Prosecutors lifted a freeze on bank accounts held by four Hampstead condominium associations last week, giving the groups use of money that had been seized by the state nearly three weeks ago.
The bank accounts were under the management of Otis K. Comstock Sr., a Hampstead accountant and businessman under investigation by the State's Attorney's Office.
An investigator in the prosecutor's office confirmed the release of the accounts Thursday, but he declined to say how much money was being returned to the condominium associations.
State's Attorney Thomas E. Hickman began investigating Mr. Comstock's businesses on July 20, when Carroll Sheriff John H. Brown was told of possible financial wrongdoing.
Investigators from the Maryland State Police and Mr. Hickman's office raided Mr. Comstock's offices July 24, seizing filing cabinets full of financial information.
They also froze 30 bank accounts at Union National Bank and an undisclosed institution that were controlled by Mr. Comstock. Mr. Hickman said the accounts totaled about $35,000, but some of those accounts did not belong to the condominium associations.
Accounts not belonging to the associations remain frozen, investigators said.
Mr. Hickman said that the associations, which represent over 150 Hampstead homeowners, have been bilked out of more than $90,000 since 1989.
No charges have been filed against Mr. Comstock, who is said to be cooperating with the investigation. Mr. Comstock's attorney, Wesley D. Blakeslee, did not return telephone calls last week.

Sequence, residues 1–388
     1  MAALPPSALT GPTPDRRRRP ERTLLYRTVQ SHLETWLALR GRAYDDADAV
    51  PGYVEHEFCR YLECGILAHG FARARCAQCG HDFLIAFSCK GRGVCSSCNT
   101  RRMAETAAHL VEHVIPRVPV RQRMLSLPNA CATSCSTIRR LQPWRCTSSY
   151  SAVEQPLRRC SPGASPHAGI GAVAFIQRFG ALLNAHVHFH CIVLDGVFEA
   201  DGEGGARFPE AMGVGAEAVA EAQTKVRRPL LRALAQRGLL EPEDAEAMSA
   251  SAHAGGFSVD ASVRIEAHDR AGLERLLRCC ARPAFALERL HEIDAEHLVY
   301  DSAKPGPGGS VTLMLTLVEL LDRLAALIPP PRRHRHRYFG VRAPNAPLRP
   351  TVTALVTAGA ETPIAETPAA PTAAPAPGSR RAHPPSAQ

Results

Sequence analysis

Mr. Comstock's businesses -- CFS Inc., Meko Realty and Comstock Financial Services -- are included in the investigation.
Investigators are focusing on savings accounts and certificates of deposit held on behalf of the associations. Mr. Hickman alleged that Mr. Comstock may have given associations fraudulent balance sheets to mask unauthorized transfers of money from association accounts to his own.
Mr. Hickman told a meeting of about 100 homeowners last month that his office was attempting to return as much money as possible to the associations.
He said he was going to pursue the seizure of Mr. Comstock's assets, which include real estate, cars and bank accounts.
Mr. Comstock's real estate holdings in Carroll include five Hampstead condominiums and three Westminster homes. State Department of Assessments and Taxation records put a market value of his properties at about $600,000.
Mr. Hickman cautioned that restitution may be slow in coming and that there is a chance prosecutors may not be able to recover all that was stolen.
Mr. Comstock had been hired to manage the affairs of Roberts Fields Condo Association Inc.; Hampstead Properties, Condominium Inc.; Hampstead Valley Townhomes Condominium Inc.; and Hampstead Valley Garden Condominiums Inc. His was the only signature required to disburse funds for the associations.